Good, bad or ugly? Pakistan is not sure how the CPEC will affect its environment and economy

Mohammad Saleem Badar Din and have never heard of CPEC, but see a lot of Chinese around. Their leader is the Chinese and communicate with him through gestures, as they do not speak the same language.

The men, in their twenties, traveled in a town of Sehwan in Sindh Gwadar to work like workers in the site of construction of the port. \

Even after paying rent for accommodation, meals and transportation, they save more than they have ever earned in their own village. “There is work for everyone,” said Saleem, who was able to buy sunshine and a fan for his family.

This is what Prime Minister Nawaz Sharif has said throughout the process that the China-Pakistan economic corridor, an essential part of China’s belt and highway initiative, will open up huge employment opportunities for Pakistanis.

When deciding the Himalayas, the corridor is 3000 km, 62 billion Kashgar, in western China through the territories, plains and deserts challenged to reach Gwadar in Pakistan on the shores of the Arabian Sea.

Along the way, China will support and create a large number of infrastructure projects, including roads, railways and power plants.

More than 30,000 Pakistanis are working on various corridor projects and the Planning Commission expects 700,000 to 800,000 jobs to be created by 2030.

Despite claims by the Pakistani and Chinese authorities over megaproject authorities to bring about an economic revolution, doubts continue to grow.

“I have my concerns because of the lack of transparency,” Akbar Zaidi told thethirdpole.net, one of Pakistan’s political economists.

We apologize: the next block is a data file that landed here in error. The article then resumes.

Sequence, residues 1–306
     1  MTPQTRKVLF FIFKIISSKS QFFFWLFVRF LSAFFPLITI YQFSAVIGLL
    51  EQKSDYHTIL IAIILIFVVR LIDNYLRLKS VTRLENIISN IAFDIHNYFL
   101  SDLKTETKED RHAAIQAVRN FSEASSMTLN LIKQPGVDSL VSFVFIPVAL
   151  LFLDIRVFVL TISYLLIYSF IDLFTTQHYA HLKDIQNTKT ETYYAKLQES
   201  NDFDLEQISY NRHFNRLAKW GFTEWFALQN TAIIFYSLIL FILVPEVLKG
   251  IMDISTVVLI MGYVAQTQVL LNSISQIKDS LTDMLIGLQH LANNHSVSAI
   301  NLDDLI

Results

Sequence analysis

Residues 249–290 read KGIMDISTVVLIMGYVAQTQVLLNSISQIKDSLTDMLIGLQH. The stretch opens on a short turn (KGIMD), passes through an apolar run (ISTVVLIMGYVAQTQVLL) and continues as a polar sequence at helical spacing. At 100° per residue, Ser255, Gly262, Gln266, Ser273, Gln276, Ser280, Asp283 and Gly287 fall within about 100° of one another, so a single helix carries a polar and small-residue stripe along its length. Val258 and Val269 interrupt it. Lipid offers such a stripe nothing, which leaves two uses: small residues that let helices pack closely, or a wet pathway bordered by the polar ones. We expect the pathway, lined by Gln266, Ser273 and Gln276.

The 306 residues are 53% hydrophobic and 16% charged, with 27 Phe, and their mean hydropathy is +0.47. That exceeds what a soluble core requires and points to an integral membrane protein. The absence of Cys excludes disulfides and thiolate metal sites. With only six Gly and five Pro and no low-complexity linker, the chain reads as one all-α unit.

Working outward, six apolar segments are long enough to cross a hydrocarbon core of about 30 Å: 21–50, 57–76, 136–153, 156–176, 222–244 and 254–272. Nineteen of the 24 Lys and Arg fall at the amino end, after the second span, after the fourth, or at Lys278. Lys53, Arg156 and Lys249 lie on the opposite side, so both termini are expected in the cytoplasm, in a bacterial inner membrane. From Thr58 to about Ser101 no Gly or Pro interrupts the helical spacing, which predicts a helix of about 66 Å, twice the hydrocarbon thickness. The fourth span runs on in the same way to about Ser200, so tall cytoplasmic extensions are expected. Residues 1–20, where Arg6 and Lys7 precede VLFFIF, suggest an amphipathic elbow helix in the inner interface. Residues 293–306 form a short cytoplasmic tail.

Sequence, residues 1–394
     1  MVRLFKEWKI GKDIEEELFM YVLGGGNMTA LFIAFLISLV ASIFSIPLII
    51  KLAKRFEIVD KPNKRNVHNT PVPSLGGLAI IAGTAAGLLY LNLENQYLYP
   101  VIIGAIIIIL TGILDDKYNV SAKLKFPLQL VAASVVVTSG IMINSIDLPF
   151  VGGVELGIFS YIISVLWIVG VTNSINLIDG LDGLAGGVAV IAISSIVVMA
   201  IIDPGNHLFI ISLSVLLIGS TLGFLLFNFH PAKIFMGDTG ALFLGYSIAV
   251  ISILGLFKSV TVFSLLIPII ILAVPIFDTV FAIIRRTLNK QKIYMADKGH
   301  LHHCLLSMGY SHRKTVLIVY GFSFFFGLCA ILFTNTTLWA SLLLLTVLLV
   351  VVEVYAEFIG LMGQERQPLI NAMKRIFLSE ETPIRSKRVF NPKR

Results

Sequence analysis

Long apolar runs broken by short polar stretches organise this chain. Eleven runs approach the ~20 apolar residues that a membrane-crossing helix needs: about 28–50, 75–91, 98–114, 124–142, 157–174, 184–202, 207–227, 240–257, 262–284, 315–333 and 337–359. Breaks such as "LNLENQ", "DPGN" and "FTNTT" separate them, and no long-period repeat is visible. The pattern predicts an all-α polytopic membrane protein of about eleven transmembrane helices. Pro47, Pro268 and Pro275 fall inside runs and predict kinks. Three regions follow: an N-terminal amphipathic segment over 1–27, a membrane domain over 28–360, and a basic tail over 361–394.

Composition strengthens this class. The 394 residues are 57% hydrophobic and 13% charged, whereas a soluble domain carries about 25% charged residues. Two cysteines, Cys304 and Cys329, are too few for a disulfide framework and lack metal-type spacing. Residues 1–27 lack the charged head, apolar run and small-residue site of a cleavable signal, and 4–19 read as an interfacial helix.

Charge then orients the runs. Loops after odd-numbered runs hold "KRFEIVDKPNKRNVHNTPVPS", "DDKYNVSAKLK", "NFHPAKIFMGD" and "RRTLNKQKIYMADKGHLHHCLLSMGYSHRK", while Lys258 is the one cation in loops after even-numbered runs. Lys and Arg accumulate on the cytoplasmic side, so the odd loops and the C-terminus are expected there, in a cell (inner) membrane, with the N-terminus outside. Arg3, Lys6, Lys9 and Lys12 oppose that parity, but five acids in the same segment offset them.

“If it is so fabulous, tell us the terms of investment. Why not be honest about it? I can not say definitively whether CPEC is good, bad or disaster for Pakistan.”

At a conference given by Zaidi in Calcutta earlier this month, CPEC said it looked more like a Chinese project; The benefits are heavily charged to China and Pakistan enjoy because it is “part of the geographical terrain.”

He also expressed concern about the huge loans involved, citing large loans from Sri Lanka and Tajikistan from China. In 2011, Tajikistan had to give 1% of its territory to China in return for outstanding loans.

Sri Lanka will grant 80% of its share of the high seas port of Hambantota in China over the next 99 years in exchange for a debt reduction of $ 1.1 billion.

The environmental impacts are even more marked. Michael Kugelman, Deputy Director and senior member for South Asia with the Asia Program of the Woodrow Wilson Center, offers a “variety of factors ranging from the use of wind energy technologies to contracting or even destruction of farmland.”

He is particularly concerned about the use of coal, environmentally harmful technologies and high water consumption, a prerequisite for development and such an intense building.

Along with the use of dirty fuel, Vaqar Zakaria, general director of environment consultant Hagler Bailly Pakistan, is concerned about the lack of talk about the impacts of hydroelectric power projects on river ecosystems.

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